THE A12 is the most rage-inducing road in the whole of the UK, according to new analysis of people's Tweets.

The team at analysed nearly 60,000 traffic-related tweets and ran them through a sentiment and stress analysis tool called TensiStrength.

The resulting study revealed the roads, cities and states which cause the most stress in Britain.

According to the analysis the A12, which connects Essex with London and Suffolk, is the most stress inducing road in the UK.

FleetLogging found almost 93 per cent of Tweets about the A12 were from annoyed residents.

A12 traffic from Stadium bridge looking towards Ardleigh Interchange.


This was the highest percentage of any of the roads analysed in Britain.

Second place was the A1, where 91.6 per cent of Tweets were annoyed.

But what do you think?

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Stressful traffic. Picture:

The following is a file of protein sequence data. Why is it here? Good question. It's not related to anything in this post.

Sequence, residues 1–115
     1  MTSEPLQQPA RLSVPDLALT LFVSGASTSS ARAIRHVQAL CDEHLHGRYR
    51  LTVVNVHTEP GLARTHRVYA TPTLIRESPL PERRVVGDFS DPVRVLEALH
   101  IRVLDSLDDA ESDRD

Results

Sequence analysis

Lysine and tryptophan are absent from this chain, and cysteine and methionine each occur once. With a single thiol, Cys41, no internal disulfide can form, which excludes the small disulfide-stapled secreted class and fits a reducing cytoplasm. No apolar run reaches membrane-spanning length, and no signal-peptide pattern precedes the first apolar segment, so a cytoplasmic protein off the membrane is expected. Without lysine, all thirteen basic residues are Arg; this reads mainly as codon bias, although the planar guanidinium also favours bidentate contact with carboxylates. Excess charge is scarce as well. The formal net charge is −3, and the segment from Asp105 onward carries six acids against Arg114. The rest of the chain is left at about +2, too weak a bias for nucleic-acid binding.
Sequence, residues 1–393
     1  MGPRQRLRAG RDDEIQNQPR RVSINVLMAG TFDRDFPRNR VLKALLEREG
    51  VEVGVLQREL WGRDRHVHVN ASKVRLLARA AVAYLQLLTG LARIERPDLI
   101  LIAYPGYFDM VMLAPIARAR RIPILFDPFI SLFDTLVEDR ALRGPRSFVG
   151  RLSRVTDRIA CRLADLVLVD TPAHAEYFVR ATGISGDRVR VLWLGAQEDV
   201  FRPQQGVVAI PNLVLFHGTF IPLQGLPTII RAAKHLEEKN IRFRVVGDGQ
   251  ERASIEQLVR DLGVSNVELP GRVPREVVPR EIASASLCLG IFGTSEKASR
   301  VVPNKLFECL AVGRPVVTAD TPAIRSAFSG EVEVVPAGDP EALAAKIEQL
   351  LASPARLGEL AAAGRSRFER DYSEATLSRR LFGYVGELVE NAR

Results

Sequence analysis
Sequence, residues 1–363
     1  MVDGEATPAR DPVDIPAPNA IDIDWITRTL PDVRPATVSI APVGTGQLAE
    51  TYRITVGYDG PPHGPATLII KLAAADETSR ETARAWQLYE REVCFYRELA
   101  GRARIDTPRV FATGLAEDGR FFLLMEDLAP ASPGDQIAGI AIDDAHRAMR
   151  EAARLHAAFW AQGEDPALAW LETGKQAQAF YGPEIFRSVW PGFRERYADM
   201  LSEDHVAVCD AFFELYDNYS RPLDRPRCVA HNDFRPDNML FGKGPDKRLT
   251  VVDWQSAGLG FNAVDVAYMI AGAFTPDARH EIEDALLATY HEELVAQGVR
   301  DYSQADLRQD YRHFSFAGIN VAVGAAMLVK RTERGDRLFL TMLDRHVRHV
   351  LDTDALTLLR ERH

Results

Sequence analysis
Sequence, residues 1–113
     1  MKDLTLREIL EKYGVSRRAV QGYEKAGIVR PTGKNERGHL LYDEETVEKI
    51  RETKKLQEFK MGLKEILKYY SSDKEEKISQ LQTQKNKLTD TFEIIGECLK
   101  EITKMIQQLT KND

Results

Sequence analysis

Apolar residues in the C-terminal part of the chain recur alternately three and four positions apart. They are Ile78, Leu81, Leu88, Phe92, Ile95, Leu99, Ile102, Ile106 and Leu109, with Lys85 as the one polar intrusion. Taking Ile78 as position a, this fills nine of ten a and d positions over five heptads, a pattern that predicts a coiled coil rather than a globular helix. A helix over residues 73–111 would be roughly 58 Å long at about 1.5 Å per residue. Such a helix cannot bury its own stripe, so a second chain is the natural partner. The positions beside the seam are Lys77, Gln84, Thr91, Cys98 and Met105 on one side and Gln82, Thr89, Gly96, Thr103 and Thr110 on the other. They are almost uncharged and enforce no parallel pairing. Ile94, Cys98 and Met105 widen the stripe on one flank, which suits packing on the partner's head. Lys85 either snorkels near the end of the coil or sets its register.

The analysis also found one part of Essex ranked in the top ten by the percentage of rage-filled Tweets.

Chelmsford came in seventh position out of places in the UK.

Stressful traffic. Picture:


More than 62 per cent of traffic-related tweets made in the city were from stressed drivers.

The place with the most stressed drivers in the UK was found to be Telford in the West Midlands, where 83.3 per cent of traffic tweets were stressed.

Perhaps surprisingly, of the 48 cities where data was analysed, Southend came out as the least stressed.

Just 10.9 per cent of traffic-tweets in the town were from road-raging residents.

How did the study work?

RTC and traffic delays Southbound on A12 at Eight Ash Green turn off..

Using Twitter API, FleetLogging collected 57,282 tweets which featured the keyword "traffic" written in English and posted in UK.

The team removed tweets from traffic update accounts.

Then the data team used a sentiment and stress analysis tool called TensiStrength to classify every tweet as stressed or not.

To detect the location of each tweet, the team referred to the post coordinates or the location mentioned in their profile.

To get the breakdown by roads, they first took the lists of most congested roads from a number of different sources.

They then extracted tweets which contained the names of those roads.

You can view the full research here.